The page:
Students deserve opportunities to engage with Austin community

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Photo Credit: Gianna Shahdad | Daily Texan Staff

Roses are red, OU still sucks, I hope you like campus because it looks like you’re stuck. 

Putting our rivalry with OU aside, students really do get stuck on campus. Austin is a great city with lots of interesting places to go, but it feels like I still haven’t experienced Austin even though I’ve lived here for two years.

College is more than just going to classes — it’s most students’ first time living alone, and they’re expected to learn all sorts of “adulting” things. While most people think of tasks such as cooking, cleaning, doing laundry and paying bills, being an active citizen in your community is also an important part of adult life and should be encouraged during students’ time at university.

New Student Services is working to address this disconnect. Its aUsTinite program, launched last year, sets out to accomplish many of these goals, but it’s still a new program and its scope is limited. It puts on four events each semester that each set out to accomplish a particular goal. One is meant to help students explore Austin, one to give back to the community, one to help prepare students for living alone and one to help students engage with other citizens of the city. Each of these events intends to help students in some way feel more at home living in Austin. UT should devote more resources to the aUsTinite program and other initiatives to help UT students actively participate in the Austin community.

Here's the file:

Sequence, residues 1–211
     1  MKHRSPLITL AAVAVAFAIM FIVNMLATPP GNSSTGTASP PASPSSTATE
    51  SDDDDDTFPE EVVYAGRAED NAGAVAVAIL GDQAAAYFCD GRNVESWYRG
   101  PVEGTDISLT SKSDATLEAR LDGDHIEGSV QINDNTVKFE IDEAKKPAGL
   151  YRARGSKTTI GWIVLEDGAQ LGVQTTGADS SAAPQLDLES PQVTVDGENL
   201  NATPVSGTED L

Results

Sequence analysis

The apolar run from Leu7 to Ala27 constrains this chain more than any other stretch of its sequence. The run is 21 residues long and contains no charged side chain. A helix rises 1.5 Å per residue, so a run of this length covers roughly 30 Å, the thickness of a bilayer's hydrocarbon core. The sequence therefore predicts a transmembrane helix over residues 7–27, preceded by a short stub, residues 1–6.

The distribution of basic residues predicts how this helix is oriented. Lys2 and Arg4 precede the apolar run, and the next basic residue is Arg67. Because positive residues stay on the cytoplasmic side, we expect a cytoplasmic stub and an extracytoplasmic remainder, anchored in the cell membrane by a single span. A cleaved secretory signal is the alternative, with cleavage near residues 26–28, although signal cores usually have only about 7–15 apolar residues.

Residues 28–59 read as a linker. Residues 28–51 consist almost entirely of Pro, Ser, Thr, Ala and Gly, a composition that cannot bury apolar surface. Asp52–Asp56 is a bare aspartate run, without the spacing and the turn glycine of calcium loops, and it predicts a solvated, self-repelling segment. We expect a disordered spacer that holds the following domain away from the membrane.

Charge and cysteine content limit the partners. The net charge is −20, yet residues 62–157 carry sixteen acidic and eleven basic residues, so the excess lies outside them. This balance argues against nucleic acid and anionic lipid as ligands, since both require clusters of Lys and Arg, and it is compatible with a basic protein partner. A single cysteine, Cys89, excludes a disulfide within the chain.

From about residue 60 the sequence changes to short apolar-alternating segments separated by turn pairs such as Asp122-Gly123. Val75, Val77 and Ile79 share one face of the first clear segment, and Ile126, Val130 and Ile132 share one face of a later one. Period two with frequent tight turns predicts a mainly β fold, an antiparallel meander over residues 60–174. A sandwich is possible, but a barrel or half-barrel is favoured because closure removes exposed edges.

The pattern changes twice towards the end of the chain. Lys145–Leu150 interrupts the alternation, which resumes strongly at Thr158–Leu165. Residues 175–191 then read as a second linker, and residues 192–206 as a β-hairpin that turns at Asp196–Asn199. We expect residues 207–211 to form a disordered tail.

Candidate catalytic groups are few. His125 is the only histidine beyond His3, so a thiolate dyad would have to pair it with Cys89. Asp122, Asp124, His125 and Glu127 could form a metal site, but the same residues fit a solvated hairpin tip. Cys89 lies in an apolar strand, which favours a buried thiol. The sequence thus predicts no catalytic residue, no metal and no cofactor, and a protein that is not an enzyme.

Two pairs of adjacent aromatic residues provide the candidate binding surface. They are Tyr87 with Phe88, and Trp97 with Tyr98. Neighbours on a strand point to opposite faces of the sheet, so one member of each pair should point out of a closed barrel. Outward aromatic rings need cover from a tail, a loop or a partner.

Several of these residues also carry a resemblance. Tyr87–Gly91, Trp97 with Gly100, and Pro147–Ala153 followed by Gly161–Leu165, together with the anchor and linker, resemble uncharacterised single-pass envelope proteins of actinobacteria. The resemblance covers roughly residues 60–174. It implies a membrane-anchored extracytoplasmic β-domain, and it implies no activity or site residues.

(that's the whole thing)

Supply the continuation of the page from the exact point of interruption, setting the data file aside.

“I think this is the part that students kind of forget about a little bit,” said Paige Muehlenkamp, off-campus and outreach coordinator at the Office of the Dean of Students. “You’re an Austinite now. You live in the city of Austin, and that comes with rights and responsibilities, so just better understanding all those resources that are available to you off campus is important, too.”

Students genuinely want to experience everything that Austin has to offer. 

“There’s so much that Austin offers outside of the campus,” said Anna Marlatt, international relations and global studies freshman. “I just haven’t had someone help me explore that, so if (UT) did implement (some way to help students explore Austin) I think that would be really fun.” 

Personally, I rarely eat out anywhere more than two blocks from campus despite Austin’s legendary food scene. I’ve never found time to volunteer at Zilker Botanical Garden even though I’ve been on the email list for nearly a year. I feel like I’m supposed to know all the neat little idiosyncrasies of the city, but I’ve never had the chance to learn. 

The aUsTinite program is on the right track. The events it coordinates every semester provide amazing opportunities to students who want to be more active around the city. However, the program currently can only accommodate a few dozen of the more than 50,000 students on campus. 

Because of the logistics of the program, such as transportation and the difficulties involved in keeping a large group together while wandering around the city, some of the events the aUsTinite program coordinates can only support around 30 students. This program needs to expand so that it can help more of UT’s student population. If Austin is such a selling point for the University, the University needs to follow through.

Thielman is a history and rhetoric and writing sophomore from Fort Worth.